Fictional Judgment on Very Real People (AKA My Hall of Fame Ballot)

Baseball’s Hall of Fame voting process has become one of the most discussed and debated topics of the offseason especially in recent years due to some of the stars of the Steroid Era becoming eligible for induction.

During that time people have hit from all angles of the morality and ethics pyramid and have left out some very deserving candidates with no attachment above suspicion of use of performance enhancing drugs.

My opinion on the subject has changed over time. At first, I was vehemently against including anybody with proof against them into the Hall. I love baseball. And the Hall to me was sacred.

I don’t feel that way anymore.

The National Baseball Hall of Fame and Museum is exactly that: a museum. A place where the history of the game can be represented and taught to future generations and a place for those who are getting on in years to reminisce about the games and players they cheered for when they were once the younger generation.

What I’ve also come to realize is that you’ll never be able to identify all who cheated and may, at times, do a disservice to some honest players who maybe didn’t take PEDs, but were linked due to their appearance.

In order to properly represent the history of the game, the Steroid Era cannot be swept under a rug and buried under a floorboard never to be seen again. As such, the most elite players from said time period should be acknowledged as such. You don’t have to agree. This is just how my feeling on the subject has evolved over time. I’d rather put them all in and truthfully represent the times rather than keep out those who deserve it, but won’t meet the voting percentage because of suspicion.

That being said, the Hall released their official list of eligible candidates for this year’s vote, which can be read here. Using the actual rule of only being allowed to vote for a maximum of ten candidates, I’ve put together what my ballot would be if I had one (which I never will). I didn’t go out of my way to get to ten, but it happened rather easily.

At first run through, I identified 12 candidates on the list that I would place a vote for. The two players that I ended up pushing off were both first-year eligibles who – in theory – should gather the 5% of the vote needed to remain on the ballot for next year at which point I can reevaluate their case for inclusion. Since I know you’ll ask, it was Trevor Hoffman and Edgar Martinez. But enough about them! Let’s get to the ten that would get my vote:

HOUSTON - APRIL 29:  Infielder Jeff Bagwell #5 of the Houston Astros waits for a Chicago Cubs pitch during the game on April 29, 2005 at Minute Maid Park in Houston, Texas.  The Cubs won 3-2.  (Photo by Ronald Martinez/Getty Images)

1. Jeff Bagwell

Won Rookie of the Year, an MVP, a Gold Glove and was a three-time All-Star at a position that is traditionally tough to crack. Was also a member of six postseason teams, though he was a diminished version of his past self by the time the Astros finally got to the World Series in 2005. Over 400 homers, 1500 RBIs and a career OPS+ of 149. Easy choice.


2. Barry Bonds

You all know the deal. You either don’t dwell on the steroids stuff or you do. If you don’t he’s at the top of the list.


3. Roger Clemens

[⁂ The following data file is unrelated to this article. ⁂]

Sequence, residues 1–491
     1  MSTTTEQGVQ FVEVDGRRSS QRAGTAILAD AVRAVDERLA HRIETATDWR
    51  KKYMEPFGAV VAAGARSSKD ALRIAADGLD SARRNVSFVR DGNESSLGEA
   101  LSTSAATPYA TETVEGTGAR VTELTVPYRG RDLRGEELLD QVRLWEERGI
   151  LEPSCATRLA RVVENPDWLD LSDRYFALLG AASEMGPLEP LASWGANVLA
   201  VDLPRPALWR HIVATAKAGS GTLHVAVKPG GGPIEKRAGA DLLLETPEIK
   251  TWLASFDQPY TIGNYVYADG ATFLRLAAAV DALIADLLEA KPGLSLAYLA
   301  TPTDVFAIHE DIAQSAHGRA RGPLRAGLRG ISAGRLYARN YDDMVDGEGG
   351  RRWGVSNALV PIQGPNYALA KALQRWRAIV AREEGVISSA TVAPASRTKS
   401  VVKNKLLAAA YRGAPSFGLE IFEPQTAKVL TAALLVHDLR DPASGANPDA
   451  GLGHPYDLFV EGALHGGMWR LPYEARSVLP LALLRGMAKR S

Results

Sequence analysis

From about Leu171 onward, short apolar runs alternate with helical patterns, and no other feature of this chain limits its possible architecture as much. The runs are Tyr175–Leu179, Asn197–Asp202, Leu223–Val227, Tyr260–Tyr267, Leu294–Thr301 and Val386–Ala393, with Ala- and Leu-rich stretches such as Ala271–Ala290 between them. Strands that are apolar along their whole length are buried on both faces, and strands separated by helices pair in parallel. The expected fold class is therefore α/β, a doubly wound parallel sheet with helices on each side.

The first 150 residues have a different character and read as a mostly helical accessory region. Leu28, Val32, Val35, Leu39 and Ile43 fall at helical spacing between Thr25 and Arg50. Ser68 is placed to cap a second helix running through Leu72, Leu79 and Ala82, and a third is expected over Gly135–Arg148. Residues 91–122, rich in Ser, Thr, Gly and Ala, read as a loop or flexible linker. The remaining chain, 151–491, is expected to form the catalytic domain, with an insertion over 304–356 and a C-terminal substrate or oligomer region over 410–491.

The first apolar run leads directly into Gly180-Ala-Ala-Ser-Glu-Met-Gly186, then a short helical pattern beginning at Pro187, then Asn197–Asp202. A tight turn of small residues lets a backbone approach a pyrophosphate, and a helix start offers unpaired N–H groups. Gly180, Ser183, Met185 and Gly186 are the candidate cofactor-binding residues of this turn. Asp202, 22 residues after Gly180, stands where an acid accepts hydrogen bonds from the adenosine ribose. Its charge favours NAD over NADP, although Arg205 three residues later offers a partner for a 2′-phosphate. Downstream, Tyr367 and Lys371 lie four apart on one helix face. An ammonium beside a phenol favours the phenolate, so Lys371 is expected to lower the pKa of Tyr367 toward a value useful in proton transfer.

See Bonds, Barry.


4. Ken Griffey, Jr.

Simply put, one of the most exciting players to ever watch play. Junior just made everything look so damn smooth and easy and, if you were a kid watching him like I was, so fucking cool. It’s hard to think of anybody that ever looked as if they were having more fun playing baseball than Ken Griffey, Jr. and man, was he good. Lost a significant amount of time due to injuries as he got older and should definitely lose votes because he invoked his 10-And-5 rights to veto a trade to the Mets, but it wouldn’t be a real Hall of Fame without him there.


5. Jeff Kent

I’m sure a lot of people will disagree with this one and I doubt he’ll ever get in because of his contentious relationship with the media, but when looking at his career, especially in the scope of second basemen in history, Kent is very deserving. Four top-10 MVP finishes including winning the award in 2000, five All-Star selections, 377 career homers and 1518 RBIs to go with a 123 OPS+ predominantly out of the 2B spot put him among the position’s elite. His case suffers because of how many teams he played for (6 in 16 years) thus never becoming a franchise-face or someone a singular fanbase can point to as “our guy”, but that’s hardly a reason to keep him out. Fuck, if Bill Mazeroski can be in, Kent should get in twice.


6. Mike Piazza

My obvious Mets bias aside, Piazza is the greatest offensive catcher to ever play the game and was not-as-bad-as-you-think-but-still-not-winning-a-gold-glove on the defensive side. Piazza gets the Bagwell treatment for suspicion without proof (which admittedly is a big reason for my rethinking the subject) but has eye-popping numbers at a position that simply wasn’t built for them. If all things are equal, he’s another obvious, easy choice.

FLUSHING, NY - SEPTEMBER 1989:  Tim Raines #30 of the Montreal Expos batting against the New York Mets in September 1989 at Shea Stadium in Flushing, New York.  (Photo by Ronald C. Modra/Sports Imagery/Getty Images) *** Local Caption *** Tim Raines

7. Tim Raines

Most people probably remember Raines as a productive platoon player for the last portion of his career, but before that, Tim Raines was the fucking bee’s knees. I’m not kidding either. Tim Raines could do it all, dude. He hit, he hit some dingers (love the word “dingers”), he’d steal bases. He was exciting. You didn’t turn away from the game when Tim Raines was going to hit or run. He was THAT good. Rickey Henderson may have gotten more of the headlines, but Raines wasn’t far behind if at all. The issue of his drug suspension for cocaine is obviously in the conversation, but he paid his penance and his career numbers still stack up favorably.


8. Curt Schilling

Schilling may not have the typical numbers for a Hall of Fame starter, but he does have over 3,000 strikeouts and 200 wins to go with a great postseason ledger which includes 3 World Series wins, an NLCS MVP in 1993 and a Series MVP in 2001. Schilling boasts around an 80 career WAR (depending on which source you use and if you like stats like WAR) which is slightly higher than the average Hall of Famer, but I do put the extra emphasis on his showing up in the bigger games and would vote him in.